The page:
The need for disease-modifying therapies in Alzheimer's disease, and the strength of the case for aggregated beta-amyloid as a target, have recently driven substantial regulatory reform and innovations in clinical trial design to open up the path for faster and more effective human testing and approval of novel Alzheimer's therapeutics. The first fruits of these changes are a series of large, late-stage clinical trials of immunotherapies targeting the removal of beta-amyloid from the brain. These reforms and precedents open up the path for human testing and approval of future rejuvenation biotechnologies.
We all know that mitochondria are the cell's "powerhouse" for energy. One interesting fact about these organelles is that they have their own DNA in addition to the nuclear DNA that we are all aware of. However, the mitochondrial DNA is prone to mutations due to constant exposure from reactive oxygen species because it is not encased in a nuclear envelope nor does it have efficient repair mechanisms to correct mutations as they occur. Amutha Boominathan explains how moving the mitochondrial genes to the nucleus, where it's safer to express them for function, would let mitochondria keep producing energy normally, even after mitochondrial mutations have occurred.
Jayanthi Vengalam explains her work with the Mitochondrial Mutation team, with consequences for acute diseases such as diabetes, Parkinson's and Alzheimer's
At just 15, Thomas Hunt became the youngest 20Under20 Finalist selected by Peter Thiel's Foundation to compete for a $100,000 Fellowship and the chance at two years of freedom to pursue his dreams. But Thomas’s entire story is even more amazing. He's been conducting research here at SENS Research Foundation in Mountain View since the age of 13.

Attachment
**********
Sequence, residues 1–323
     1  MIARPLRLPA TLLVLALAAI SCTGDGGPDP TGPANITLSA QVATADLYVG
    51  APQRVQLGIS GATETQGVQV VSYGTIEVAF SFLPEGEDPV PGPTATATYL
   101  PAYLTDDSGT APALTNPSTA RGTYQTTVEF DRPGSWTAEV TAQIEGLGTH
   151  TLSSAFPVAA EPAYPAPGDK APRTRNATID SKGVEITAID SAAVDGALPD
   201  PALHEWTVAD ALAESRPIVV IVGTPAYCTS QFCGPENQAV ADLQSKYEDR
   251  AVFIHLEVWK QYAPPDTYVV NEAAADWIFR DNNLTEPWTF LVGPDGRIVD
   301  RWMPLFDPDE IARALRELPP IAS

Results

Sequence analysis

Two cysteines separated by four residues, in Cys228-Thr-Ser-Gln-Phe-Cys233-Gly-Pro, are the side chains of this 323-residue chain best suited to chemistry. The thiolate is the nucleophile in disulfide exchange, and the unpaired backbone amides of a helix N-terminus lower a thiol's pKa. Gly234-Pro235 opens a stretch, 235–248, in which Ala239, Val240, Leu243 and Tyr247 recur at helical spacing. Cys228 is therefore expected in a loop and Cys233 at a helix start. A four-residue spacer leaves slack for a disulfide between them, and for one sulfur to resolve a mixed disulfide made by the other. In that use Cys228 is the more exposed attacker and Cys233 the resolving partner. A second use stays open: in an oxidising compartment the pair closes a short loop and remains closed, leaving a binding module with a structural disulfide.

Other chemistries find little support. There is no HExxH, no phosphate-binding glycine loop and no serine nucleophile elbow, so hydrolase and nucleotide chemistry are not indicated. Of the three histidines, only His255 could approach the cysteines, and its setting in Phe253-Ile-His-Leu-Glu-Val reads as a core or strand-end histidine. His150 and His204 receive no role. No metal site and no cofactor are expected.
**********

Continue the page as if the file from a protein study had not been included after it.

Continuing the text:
While antibiotics have long provided broad-spectrum treatments for bacterial infections, antiviral drugs have failed to offer protection that is nearly as wide. Dr. Todd Rider, who will be speaking at SENS6, is working to change that.
Jennie explains her internship with SENS Research Foundation (SRF) in Mountain View, CA, attempting to identify genes involved in the Alternative Lengthening of Telomeres (ALT) Mechanism.
Many diseases mirror some aspect of aging. Multiple sclerosis (MS), which is caused by the loss of the myelin coating that protects nerve cells in the brain and spinal cord, is one example: myelin is also lost and poorly replaced in normal aging. Scientists like Cambridge’s Dr. Robin Franklin, a SENS6 speaker, are working hard to repair this damage.
Introduction to Dr. Alan Russell and his work crossing the boundaries of chemical engineering, biology, and materials science.
Our next intern Connie Wang explains her part in uncovering the complex links between microglia cells and Alzheimer's disease.
Haroldo Silva explains why he joined OncoSENS team at the SRF Research Center and explains the role of telomere lengthening in cancer.